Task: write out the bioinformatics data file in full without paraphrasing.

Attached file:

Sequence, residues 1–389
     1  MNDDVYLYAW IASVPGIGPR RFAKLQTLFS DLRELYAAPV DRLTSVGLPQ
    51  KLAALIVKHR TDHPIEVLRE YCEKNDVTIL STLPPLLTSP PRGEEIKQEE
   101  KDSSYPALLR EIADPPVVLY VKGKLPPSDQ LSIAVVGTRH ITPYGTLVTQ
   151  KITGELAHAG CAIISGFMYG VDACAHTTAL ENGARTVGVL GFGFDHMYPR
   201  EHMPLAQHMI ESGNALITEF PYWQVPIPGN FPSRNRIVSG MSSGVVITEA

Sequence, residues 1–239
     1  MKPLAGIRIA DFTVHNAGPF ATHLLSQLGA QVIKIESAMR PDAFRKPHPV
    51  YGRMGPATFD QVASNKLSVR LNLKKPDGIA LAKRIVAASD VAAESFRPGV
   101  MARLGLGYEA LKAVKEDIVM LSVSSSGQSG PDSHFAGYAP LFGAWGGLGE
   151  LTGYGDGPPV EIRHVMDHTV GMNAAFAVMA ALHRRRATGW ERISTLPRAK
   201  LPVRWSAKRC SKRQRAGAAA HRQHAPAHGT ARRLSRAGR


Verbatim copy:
Sequence, residues 1–389
     1  MNDDVYLYAW IASVPGIGPR RFAKLQTLFS DLRELYAAPV DRLTSVGLPQ
    51  KLAALIVKHR TDHPIEVLRE YCEKNDVTIL STLPPLLTSP PRGEEIKQEE
   101  KDSSYPALLR EIADPPVVLY VKGKLPPSDQ LSIAVVGTRH ITPYGTLVTQ
   151  KITGELAHAG CAIISGFMYG VDACAHTTAL ENGARTVGVL GFGFDHMYPR
   201  EHMPLAQHMI ESGNALITEF PYWQVPIPGN FPSRNRIVSG MSSGVVITEA

Sequence, residues 1–239
     1  MKPLAGIRIA DFTVHNAGPF ATHLLSQLGA QVIKIESAMR PDAFRKPHPV
    51  YGRMGPATFD QVASNKLSVR LNLKKPDGIA LAKRIVAASD VAAESFRPGV
   101  MARLGLGYEA LKAVKEDIVM LSVSSSGQSG PDSHFAGYAP LFGAWGGLGE
   151  LTGYGDGPPV EIRHVMDHTV GMNAAFAVMA ALHRRRATGW ERISTLPRAK
   201  LPVRWSAKRC SKRQRAGAAA HRQHAPAHGT ARRLSRAGR